Descriptive Gazetteer Entry for HOUGHTON-LE-SPRING

HOUGHTON-LE-SPRING, a town, a township, a parish, a sub-district, and a district, in Durham. The town stands near a system of local railways, connected with the Hartlepool and Sunderland and the Durham and Sunderland lines, 1¾ mile E of Fence-Houses station of the Northeastern railway, and 6½ NE of Durham. It got the latter part of its name either from its abundant springs, or more probably from the family of Le Spring. who, in the 13th century, held the manor. It possesses celebrity from the scene of the labours of Bernard Gilpin, commonly called the Apostle of the North, who was long the parish rector, and died in 1583; and it has been much visited on his account. It is approached from the r. station, by Rainton Hill, now covered with colliery works, and where Lord Burleigh made a notable exclamation respecting Gilpin. It stands at the head of a beautiful vale, opening to the W, and sheltered from northerly and easterly winds by Houghton and Wardenlaw hills. It has undergone great improvement since 1810; and it now contains many large and handsome houses; yet it presents, in a general view, the appearance of a large blackened village. Its parish church is an interesting cruciform edifice, of the period of transition from early English to decorated; stands in the centre of a square area in the lower part of the town; is approached through an avenue of fine sycamores; was recently restored; measures 93 feet by 46 in the nave, 48 by 20 in the chancel, and 87 in the transept; has a central tower, the upper storey of which is modern, and superseded a low leaden spire; had formerly, attached to it, a chantry and two guilds; and contains a cinque-cento altar tomb of Bernard Gilpin, a brass of R. Belasis of 1587, and the effigies of a knight, said by some to be that of Sir R. Belasis of the time of Henry III., but always referred by tradition to Sir John le Spring, who was murdered in his own manor house here in the time of Edward III. The ballad of Surtees says respecting that knight, - "Pray for the sowle of Sir John le Spring ! When the black monks sing, and the vesper bells ring, Pray for the sprite of a murder'd knight; Pray for the sowle of Sir John le Spring. He fell mot when before the Cross The waning Crescent fled, When the martyr's palm and the golden crown Reward Christ's soldier dead, " The rectory was built in 1664-7, stands embosomed in sycamores, and is an embattled edifice, of venerable appearance. A tower connected with it, built in 1483, and forming part of the rectory inhabited by Gilpin, was recently destroyed. But a thorn tree, said to have been planted by Gilpin, and commonly called Gilpin's Thorn, is still in the garden, and measures 11¼ feet at 2 feet from the ground. The rectory has been inhabited by Archbishop Sancroft, George Davenport, Peter Heylin, and the oriental traveller, Sir George Wheler. The Roman Catholic church was built in 1837; and is a neat edifice, in the pointed style. There are places of worship also for United Presbyterians, Baptists, Wesleyans, and United Methodists. The mechanics' institution was built in 1851; has a tower over the entrance; and contains a library and reading room. The Kepier grammar school stands near the parish church; was founded by Bernard Gilpin, and by Heath of Kepier; and has an endowed income of £181. Wheler's school has £80; the Kepier alms houses have £81; and other charities have £180. There are also a national school and a workhouse; and the latter, at the census of 1861, had 43 inmates. The town has a post office‡ under Fence Houses, and is a seat of petty sessions. A weekly market is held on Friday; and an annual fair or festival used to commence on the Sunday after New Michaelmas day, and to continue three or four days. There are breweries, an iron foundry, and two brick kilns; but the chief trade arises from numerous and extensive coal mines in the vicinity, yielding coal of superior quality, and sending it off, by railways, to the ports. There are also, in the neighbourhood, extensive quarries of limestone and freestone, and several chalybeate springs. An ancient church or religions house stood on the S side of the town, in a field called Kirk-Lee; but has completely disappeared. Ancient coins, carved stones, and other vestiges of antiquity have been found. Houghton Hall, at the head of the town, is a massive, oblong, mullioned structure of 1589 -1623; was built by the Cromwellian trooper, R. Hutton, out of his share of the plunder of Dundee; and is now the seat of G. Elliott, Esq. Pop. of the town, in 1851, 3, 224; in 1861, 3, 824. Houses, 710. The township comprises 1, 475 acres. Real property, £7, 698; of which £518 are in railways. Pop., 4, 741. Houses, 892.—The parish contains also the townships of Wardenlaw, Morton Grange, Newbottle, Penshaw, Offerton, West Herrington, East and Middle Herrington, Great Eppleton, Little Eppleton, Hetton-le-Hole, East Rainton, West Rainton, Moorsley, Moorhouse, Cocken, Bourn-Moor, and South Biddick. Acres, 15, 494. Real property, £71, 265; of which £28, 600 are in mines, £1, 487 in quarries, and £3, 750 in railways. Pop. in 1851, 20, 284; in 1861, 22, 582. Houses, 4, 524. The living is a rectory in the diocese of Durham. Value, £1, 600. Patron, the Bishop of Durham. The rectories of Hetton-le-Hole, Penshaw, and Rainton, were erected out of the parish under an act of 16 George III., and were endowed out of the revenues of the mother rectory, which previously was one of the richest livings in England. The vicarage of Newbottle, with the chapelry of Herrington, also is a separate benefice.—The sub-district contains the H. le-S. townships of H. le-S., Wardenlaw, Morton-Grange, Newbottle, Penshaw, Offerton, and the Herringtons, and the BishopWearmouth township of Silksworth. Acres, 9, 720. Pop., 11, 238. Houses, 2, 172.—The district comprehends also the sub-district of Hetton-le-Hole, containing the townships of H. le-H., E. and W. Rainton, Moorsley, Moorhouse, and the two Eppletons. Acres of the district, 16, 202. Poor rates in 1863, £5, 817. Pop. in 1851, 19, 564; in 1861, 21, 773. Houses, 4, 355. Marriages in 1862, 121; births, 945, -of which 43 were illegitimate; deaths, 549, -of which 296 were at ages under 5 years, and 4 at ages above 85. Marriages in the ten years 1851-60, 1, 421; births, 7, 675; deaths, 4, 376. The places of worship, in 1851, were 6 of the Church of England, with 2, 850 sittings; 1 of United Presbyterians, with 220 s.; 1 of Independents, with 170 s.; 1 of Baptists, with 200 s.; 14 of Wesleyan Methodists, with 3, 242 s.; 7 of Primitive Methodists, with 1, 205 s.; 5 of the Wesleyan Association, with 1, 343 s.; 1 of New Connexion Methodists, with 52 attendants; and 1 of Roman Catholics, with 270 sittings. The schools were 12 public day schools, with 1, 286 scholars; 28 private day schools, with 1, 080 s.; 32 Sunday schools, with 2, 990 s.; and 5 evening schools for adults, with 79 s. HOUGHTON (LITTLE), a hamlet in Worsley parish, Lancashire; 6½ miles WNW of Manchester.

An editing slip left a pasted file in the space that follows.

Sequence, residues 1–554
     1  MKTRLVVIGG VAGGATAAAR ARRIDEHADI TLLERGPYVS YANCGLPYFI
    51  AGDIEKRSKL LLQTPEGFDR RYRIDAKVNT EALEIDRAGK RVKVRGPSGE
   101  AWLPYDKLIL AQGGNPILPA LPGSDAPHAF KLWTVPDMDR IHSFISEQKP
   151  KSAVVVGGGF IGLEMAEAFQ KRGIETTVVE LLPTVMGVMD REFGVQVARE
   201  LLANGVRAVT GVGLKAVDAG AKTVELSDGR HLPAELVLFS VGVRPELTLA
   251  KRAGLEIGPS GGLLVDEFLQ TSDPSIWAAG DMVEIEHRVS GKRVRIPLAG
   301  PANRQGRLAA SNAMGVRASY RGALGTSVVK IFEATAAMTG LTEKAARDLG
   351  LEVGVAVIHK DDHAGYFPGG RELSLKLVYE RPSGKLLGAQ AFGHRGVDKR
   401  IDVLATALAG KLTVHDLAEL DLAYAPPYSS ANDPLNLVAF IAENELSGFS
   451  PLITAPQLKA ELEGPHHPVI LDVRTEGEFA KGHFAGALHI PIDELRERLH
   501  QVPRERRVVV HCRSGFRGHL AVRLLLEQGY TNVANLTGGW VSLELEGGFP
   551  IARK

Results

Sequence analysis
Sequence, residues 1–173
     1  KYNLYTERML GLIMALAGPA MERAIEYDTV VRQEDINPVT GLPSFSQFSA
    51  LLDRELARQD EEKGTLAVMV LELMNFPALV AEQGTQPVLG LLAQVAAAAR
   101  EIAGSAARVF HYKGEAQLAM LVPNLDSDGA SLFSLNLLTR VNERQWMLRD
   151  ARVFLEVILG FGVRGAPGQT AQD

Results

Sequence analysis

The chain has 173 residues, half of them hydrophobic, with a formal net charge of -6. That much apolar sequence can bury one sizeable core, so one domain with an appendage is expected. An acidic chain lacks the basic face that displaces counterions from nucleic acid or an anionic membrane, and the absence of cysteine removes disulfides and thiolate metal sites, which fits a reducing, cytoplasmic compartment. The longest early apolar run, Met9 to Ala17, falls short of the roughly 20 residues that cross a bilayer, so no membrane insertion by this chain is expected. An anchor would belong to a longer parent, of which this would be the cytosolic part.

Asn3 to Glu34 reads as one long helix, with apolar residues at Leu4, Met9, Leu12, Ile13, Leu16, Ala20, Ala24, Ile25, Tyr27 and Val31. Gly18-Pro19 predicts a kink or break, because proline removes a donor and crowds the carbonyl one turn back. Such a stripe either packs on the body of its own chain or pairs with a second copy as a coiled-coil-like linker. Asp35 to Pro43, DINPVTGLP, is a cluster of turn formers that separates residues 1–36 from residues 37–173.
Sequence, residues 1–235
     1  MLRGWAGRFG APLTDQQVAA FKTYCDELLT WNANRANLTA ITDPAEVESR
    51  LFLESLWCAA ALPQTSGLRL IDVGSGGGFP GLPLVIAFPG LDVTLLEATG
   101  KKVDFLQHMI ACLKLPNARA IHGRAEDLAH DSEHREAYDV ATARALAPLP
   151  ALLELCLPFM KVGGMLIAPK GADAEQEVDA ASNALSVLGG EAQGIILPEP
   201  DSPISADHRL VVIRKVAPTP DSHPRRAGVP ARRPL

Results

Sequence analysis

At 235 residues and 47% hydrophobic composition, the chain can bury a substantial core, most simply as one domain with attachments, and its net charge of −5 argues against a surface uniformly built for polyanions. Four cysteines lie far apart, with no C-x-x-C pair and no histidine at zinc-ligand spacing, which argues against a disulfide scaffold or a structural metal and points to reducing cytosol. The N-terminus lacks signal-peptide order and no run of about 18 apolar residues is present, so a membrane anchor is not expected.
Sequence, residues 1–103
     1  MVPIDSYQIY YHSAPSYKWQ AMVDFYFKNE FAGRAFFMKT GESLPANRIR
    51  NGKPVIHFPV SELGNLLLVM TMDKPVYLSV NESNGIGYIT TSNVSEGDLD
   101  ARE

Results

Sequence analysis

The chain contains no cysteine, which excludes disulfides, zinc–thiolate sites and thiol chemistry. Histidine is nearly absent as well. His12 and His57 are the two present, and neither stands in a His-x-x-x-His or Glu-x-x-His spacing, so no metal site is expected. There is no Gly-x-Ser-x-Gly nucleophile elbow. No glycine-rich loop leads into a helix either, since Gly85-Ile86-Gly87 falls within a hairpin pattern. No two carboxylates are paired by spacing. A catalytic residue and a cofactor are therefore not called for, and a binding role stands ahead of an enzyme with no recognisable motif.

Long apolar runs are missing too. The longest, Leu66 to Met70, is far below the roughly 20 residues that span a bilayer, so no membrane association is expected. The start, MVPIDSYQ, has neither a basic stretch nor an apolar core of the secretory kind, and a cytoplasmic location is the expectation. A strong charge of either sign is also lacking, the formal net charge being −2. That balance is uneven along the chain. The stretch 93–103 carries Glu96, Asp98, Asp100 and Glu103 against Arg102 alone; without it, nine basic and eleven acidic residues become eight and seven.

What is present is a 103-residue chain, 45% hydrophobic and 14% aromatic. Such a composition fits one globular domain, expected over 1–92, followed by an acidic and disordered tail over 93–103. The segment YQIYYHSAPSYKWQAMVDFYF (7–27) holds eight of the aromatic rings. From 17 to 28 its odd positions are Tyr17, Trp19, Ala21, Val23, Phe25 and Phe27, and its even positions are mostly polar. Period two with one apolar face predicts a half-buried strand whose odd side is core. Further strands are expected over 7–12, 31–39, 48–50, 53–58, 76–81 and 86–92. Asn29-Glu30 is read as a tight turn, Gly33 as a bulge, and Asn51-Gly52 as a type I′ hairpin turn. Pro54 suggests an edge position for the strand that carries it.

(John Marius Wilson, Imperial Gazetteer of England and Wales (1870-72))

Linked entities:
Feature Description: "a town, a township, a parish, a sub-district, and a district"   (ADL Feature Type: "cities")
Administrative units: Houghton le Spring AP/CP       Houghton le Spring SubD       Houghton le Spring PLU/RegD       County Durham AncC
Place: Houghton le Spring